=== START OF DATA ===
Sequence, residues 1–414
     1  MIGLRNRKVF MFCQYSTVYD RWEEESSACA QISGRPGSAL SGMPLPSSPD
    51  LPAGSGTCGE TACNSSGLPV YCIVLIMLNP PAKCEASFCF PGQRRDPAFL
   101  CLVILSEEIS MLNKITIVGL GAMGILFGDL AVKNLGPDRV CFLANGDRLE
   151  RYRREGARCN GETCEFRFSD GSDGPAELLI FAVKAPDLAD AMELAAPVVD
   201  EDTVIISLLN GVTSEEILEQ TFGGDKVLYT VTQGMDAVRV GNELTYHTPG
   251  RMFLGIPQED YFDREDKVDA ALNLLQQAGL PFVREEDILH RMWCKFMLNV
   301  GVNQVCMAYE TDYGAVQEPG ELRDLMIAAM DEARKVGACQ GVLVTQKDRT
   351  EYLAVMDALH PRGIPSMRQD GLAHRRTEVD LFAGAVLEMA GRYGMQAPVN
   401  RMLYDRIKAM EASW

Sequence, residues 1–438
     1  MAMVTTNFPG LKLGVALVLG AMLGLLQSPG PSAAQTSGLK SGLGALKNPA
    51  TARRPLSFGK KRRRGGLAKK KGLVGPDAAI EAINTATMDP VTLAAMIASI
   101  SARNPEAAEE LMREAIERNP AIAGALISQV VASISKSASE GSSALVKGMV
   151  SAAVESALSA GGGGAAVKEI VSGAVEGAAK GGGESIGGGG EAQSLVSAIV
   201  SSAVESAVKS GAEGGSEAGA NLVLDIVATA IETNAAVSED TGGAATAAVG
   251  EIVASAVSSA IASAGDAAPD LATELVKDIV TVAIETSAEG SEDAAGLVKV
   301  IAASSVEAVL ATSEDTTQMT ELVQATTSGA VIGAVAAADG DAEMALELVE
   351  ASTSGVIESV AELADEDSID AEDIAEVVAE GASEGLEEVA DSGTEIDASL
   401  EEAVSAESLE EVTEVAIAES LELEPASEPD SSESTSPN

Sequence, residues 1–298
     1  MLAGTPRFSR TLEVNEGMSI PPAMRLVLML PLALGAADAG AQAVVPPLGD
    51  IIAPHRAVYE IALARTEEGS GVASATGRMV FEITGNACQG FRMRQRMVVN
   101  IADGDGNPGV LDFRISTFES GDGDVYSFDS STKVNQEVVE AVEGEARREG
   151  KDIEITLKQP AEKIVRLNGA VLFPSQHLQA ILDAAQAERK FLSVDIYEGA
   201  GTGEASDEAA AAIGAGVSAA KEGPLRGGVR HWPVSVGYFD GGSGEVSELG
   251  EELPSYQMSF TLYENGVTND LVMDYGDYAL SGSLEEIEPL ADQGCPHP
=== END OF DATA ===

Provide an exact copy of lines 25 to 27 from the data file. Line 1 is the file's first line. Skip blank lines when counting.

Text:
   151  KDIEITLKQP AEKIVRLNGA VLFPSQHLQA ILDAAQAERK FLSVDIYEGA
   201  GTGEASDEAA AAIGAGVSAA KEGPLRGGVR HWPVSVGYFD GGSGEVSELG
   251  EELPSYQMSF TLYENGVTND LVMDYGDYAL SGSLEEIEPL ADQGCPHP